The NanoPhotometer® Forensic Blood Analysis – New Approach to Determine Time since Deposition of Blood at Crime Scenes

NanoPhotometer® Application Notes

Malcom Lee, Dr. Andrea Huber
Implen GmbH, Munich, Germany


So far, there is no generally accepted procedure available that enables forensic scientists to determine the age of blood stains at a crime scene. Present methods are either limited in their predictive power or their analytical sensitivity.

implen, nanophotometer, forensic-fig1In a recent study, by the National Center for Forensic Science at the University of Central Florida, a previously unidentified wavelength effect which shows a significant relationship to the lifetime of a blood stain has been discovered. The degree of this wavelength effect allows for more accurate determination of the time since the blood was deposited and it is now possible to differentiate between stains that were deposited minutes, hours, days and months ago. Using the NanoPhotometer® from Implen the scientists at the National Center for Forensic Science established that tiny bloodstains of only 1 μl could be used for this investigation. One of the benefits of the NanoPhotometer® is that it is portable and therefore may be taken to the crime scene to first of all confirm that the stain was blood and then to determine how long it had been there. The instrument is perfectly optimized for this forensic application as it may operate from a 12 V DC supply if required, has no moving parts for in-field reliability, does not require regular servicing or calibration and requires very little operator training plus of course it provides high performance on low sample volumes (Figure 1).

Methodology and technical requirements

After the blood samples have been obtained they were deposited on cloth and stored for different times and at different temperatures to simulate normal environmental conditions. The blood was then extracted with Tris-HCl, pH 8.0, spun and then stored at – 20 °C until required. The principle on which this work is based is that, as the blood ages, chemical reactions changing the spectral profiles of the blood samples still occur.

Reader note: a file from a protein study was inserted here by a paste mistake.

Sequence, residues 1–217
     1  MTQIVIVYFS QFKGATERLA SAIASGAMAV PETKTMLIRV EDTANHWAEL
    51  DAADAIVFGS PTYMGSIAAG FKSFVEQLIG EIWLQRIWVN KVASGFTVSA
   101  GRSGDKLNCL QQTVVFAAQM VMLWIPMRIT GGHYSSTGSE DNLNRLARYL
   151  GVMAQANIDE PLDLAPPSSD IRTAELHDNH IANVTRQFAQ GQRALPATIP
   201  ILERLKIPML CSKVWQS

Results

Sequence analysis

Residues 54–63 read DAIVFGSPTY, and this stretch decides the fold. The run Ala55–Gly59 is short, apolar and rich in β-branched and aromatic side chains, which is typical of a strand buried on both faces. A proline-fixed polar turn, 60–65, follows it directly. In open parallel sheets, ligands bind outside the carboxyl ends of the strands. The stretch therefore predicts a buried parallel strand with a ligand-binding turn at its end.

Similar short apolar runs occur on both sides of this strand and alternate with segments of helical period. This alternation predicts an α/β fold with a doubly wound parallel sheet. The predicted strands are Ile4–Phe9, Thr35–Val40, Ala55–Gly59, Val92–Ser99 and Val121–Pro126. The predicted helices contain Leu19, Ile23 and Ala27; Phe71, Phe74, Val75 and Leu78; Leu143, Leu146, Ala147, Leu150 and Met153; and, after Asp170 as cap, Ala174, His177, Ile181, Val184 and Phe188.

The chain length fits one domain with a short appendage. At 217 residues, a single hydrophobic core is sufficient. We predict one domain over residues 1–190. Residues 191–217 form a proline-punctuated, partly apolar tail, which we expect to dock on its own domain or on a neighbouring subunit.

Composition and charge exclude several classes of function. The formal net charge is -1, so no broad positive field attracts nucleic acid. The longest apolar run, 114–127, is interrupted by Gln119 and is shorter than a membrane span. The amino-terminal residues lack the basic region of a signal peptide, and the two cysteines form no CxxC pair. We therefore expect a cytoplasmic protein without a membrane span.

implen, nanophotometer, forensic-fig2The spectral profiles of the representative blood samples were obtained with the NanoPhotometer® using 0.5 -3 μl of the extracted solution placed directly onto the LabelGuard™ analytical cell (Figure 2).

The reproducibility of this technical design is excellent due to the fixed pathlength mechanism and the fully enclosed sample area to prevent evaporation or contamination. As the sample is compressed, between the cell and the lid, surface tension effects due to solvents are overcome and will not affect the results. In addition to the blood analysis application the NanoPhotometer® is also an all-rounder for various spectrophotometrical applications in a modern laboratory. For example DNA/RNA specific applications are widely used in forensic laboratories when accurate quantification of concentration is required. Based on the available methods for single/multiple wavelength and concentration measurements, full spectrum scans, standard curve determinations as well as ratio calculations and even kinetics, the user may generate customized applications for their individual needs. Predefined methods and functions are available for nucleic acid analysis, determination of dye labeling efficiency, protein quantification and cell density measurements.

Results and conclusion

The researchers at the National Center for Forensic Science at the University of Central Florida have investigated many parameters of the haemoglobin spectrum and found a novel unique wavelength shift (hypsochromic shift of the Soret band of haemoglobin) that was directly proportional to the time of deposition. Graphing this Soret band wavelength shift as a function of stain age for bloodstains indicated a strong positive correlation so that it was possible to distinguish the deposition time of blood samples between months, days, hours and even minutes. When used in conjunction with the Implen NanoPhotometer®, it may be possible to perform this analysis at the actual crime scene, first to confirm the presence of a bloodstain (through a characteristic UVVIS spectral profile) and also to determine the time since deposition of that bloodstain using only microliter volumes of blood.

The full research document may be found at


Implen GmbH acknowledges the cooperation of the National Center for Forensic Science at the University of Central Florida for their dedication and comprehensive research into this subject.



Implen GmbH
Am Schatzbogen 52
81829 Munich

Malcolm Lee
Dr. Andrea Huber

Email: [email protected]
Phone: +49-89-7263718 0

Implen Inc.
Suite 521-23
5655 Lindero Canyon Road
Westlake Village, CA 91362

Dr. Thomas Sahiri
Email: [email protected]
Phone: +1-818-706 3500


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